Issue (based on the State’s Petition for Review):
1. Did the court of appeals violate the standard of appellate review of trial court evidentiary rulings by holding the trial court erred in deciding to exclude evidence offered by the defendant that DNA from other men was found on the clothing of the complainant in a child sexual assault prosecution?
2. Did the court of appeals improperly apply Wis. Stat. § 972.11(2)(b), Wisconsin’s rape shield law, when it held the defendant was not offering the DNA evidence as evidence concerning the victim’s prior sexual conduct?
Though the PFR’s statement of the issues differs in how it breaks down the issues and in its tone (which betrays a certain amount of umbrage about the court of appeals decision), these are the two central primary issues in this case. As one can see, there’s not much law development potential here, and the grant looks more like error correction (the error being the grant of a new trial) in a very fact dependent case. For those facts you can read our post on the court of appeals decision. There was a dissent in the court of appeals, written by now-Justice Hagedorn, who presumably will recuse himself from deciding this case.
That said, this case could wreck some havoc on the application of the rape shield law. According to the state (PFR at 14-16), the majority opinion “does violence to” and “undermines” the rape shield law by telling trial judges that, when in doubt, they should admit evidence that might cause the jury to speculate about the victim’s sexual history even if it was offered for another purpose. This ignores the basic problem with applying § 972.11(2) here. The evidence isn’t about the alleged victim’s sexual conduct at all, but only about the fact other DNA was found on her clothing, which undermined the state’s theory about why Gutierrez’s DNA was not found–namely, that it was washed off. Put another way, the mere presence of DNA isn’t evidence of sexual conduct. The state’s notion that the statute excludes any evidence that allows a jury to speculate that the victim may have engaged in sexual conduct with someone is a wholesale expansion of the law ungrounded in the statutory text, and it flatly disregards the rule that the jury will follow the standard instruction that it base its decision on the evidence, not on speculation.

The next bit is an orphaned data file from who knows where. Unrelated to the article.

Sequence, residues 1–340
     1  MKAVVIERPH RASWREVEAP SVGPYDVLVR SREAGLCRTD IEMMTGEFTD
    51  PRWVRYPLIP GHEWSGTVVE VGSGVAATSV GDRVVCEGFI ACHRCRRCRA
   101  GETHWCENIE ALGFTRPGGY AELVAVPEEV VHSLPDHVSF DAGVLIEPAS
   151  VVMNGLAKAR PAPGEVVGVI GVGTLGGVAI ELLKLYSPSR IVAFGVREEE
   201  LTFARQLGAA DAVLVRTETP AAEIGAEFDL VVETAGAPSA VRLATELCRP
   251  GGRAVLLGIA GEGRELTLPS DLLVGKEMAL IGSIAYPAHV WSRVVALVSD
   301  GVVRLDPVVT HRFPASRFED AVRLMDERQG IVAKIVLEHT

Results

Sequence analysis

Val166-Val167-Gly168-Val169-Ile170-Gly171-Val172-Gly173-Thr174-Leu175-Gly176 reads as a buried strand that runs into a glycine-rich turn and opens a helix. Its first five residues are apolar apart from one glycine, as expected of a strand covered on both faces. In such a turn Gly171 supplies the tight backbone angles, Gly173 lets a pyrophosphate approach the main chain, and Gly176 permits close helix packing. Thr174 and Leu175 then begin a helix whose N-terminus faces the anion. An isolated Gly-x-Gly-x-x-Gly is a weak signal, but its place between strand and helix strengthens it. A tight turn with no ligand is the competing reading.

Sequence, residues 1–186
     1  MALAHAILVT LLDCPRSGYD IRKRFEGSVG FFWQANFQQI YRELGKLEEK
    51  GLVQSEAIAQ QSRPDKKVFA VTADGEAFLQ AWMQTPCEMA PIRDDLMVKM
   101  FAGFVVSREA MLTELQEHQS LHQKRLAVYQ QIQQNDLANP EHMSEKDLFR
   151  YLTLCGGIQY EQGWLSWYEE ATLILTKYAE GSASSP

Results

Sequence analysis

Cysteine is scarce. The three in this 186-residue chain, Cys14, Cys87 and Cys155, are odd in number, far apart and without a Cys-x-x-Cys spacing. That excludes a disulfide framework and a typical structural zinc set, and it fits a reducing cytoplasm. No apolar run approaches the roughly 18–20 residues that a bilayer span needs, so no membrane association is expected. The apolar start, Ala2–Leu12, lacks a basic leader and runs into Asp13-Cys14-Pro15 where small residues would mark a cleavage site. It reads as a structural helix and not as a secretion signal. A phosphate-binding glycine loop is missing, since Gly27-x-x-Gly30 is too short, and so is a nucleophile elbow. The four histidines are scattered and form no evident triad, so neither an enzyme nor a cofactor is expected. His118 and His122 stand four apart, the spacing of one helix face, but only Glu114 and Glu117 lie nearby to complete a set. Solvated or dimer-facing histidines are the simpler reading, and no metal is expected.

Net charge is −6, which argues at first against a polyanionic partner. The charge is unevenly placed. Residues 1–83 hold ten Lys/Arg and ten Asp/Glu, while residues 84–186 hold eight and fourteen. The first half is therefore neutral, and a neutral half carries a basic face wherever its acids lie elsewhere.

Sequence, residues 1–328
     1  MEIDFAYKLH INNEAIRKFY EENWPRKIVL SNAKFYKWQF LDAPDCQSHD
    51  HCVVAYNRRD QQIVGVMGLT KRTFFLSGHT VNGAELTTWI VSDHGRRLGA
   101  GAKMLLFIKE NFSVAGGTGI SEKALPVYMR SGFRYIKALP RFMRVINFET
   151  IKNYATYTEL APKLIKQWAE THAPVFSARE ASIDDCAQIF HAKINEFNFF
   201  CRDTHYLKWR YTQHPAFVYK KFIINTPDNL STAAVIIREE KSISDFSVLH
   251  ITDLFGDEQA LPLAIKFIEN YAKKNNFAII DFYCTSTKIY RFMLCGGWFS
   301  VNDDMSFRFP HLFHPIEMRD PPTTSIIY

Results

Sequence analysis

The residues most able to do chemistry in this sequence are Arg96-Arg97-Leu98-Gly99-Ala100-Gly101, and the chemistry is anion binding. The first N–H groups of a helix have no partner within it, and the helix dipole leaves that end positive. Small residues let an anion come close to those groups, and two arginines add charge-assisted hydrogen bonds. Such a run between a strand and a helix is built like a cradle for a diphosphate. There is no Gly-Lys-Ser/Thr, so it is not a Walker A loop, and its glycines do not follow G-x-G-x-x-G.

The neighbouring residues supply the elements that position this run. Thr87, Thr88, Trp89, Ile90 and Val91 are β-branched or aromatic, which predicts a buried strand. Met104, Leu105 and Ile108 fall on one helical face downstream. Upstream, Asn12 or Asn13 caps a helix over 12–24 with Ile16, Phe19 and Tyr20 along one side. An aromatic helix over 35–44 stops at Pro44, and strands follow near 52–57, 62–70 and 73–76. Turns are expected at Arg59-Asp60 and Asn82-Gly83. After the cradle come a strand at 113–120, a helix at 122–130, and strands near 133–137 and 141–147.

As for deferential review of a trial court’s evidentiary decision, even that deferential standard requires the discretionary decision to be reasonable based on the facts of the case. The heart of the court of appeals decision was that the sum total of the trial court’s evidentiary rulings wasn’t reasonable because it deprived Gutierrez the right to rebut the state’s theory about why his DNA was not found. Pretty much par-for-the-course application of the standard of review, really. And it shows that despite the state’s sneer (PFR at 12), there’s no need to “remind” the court of appeals to defer to the circuit court’s evidentiary rulings—unless by “defer” the state means “not review at all.”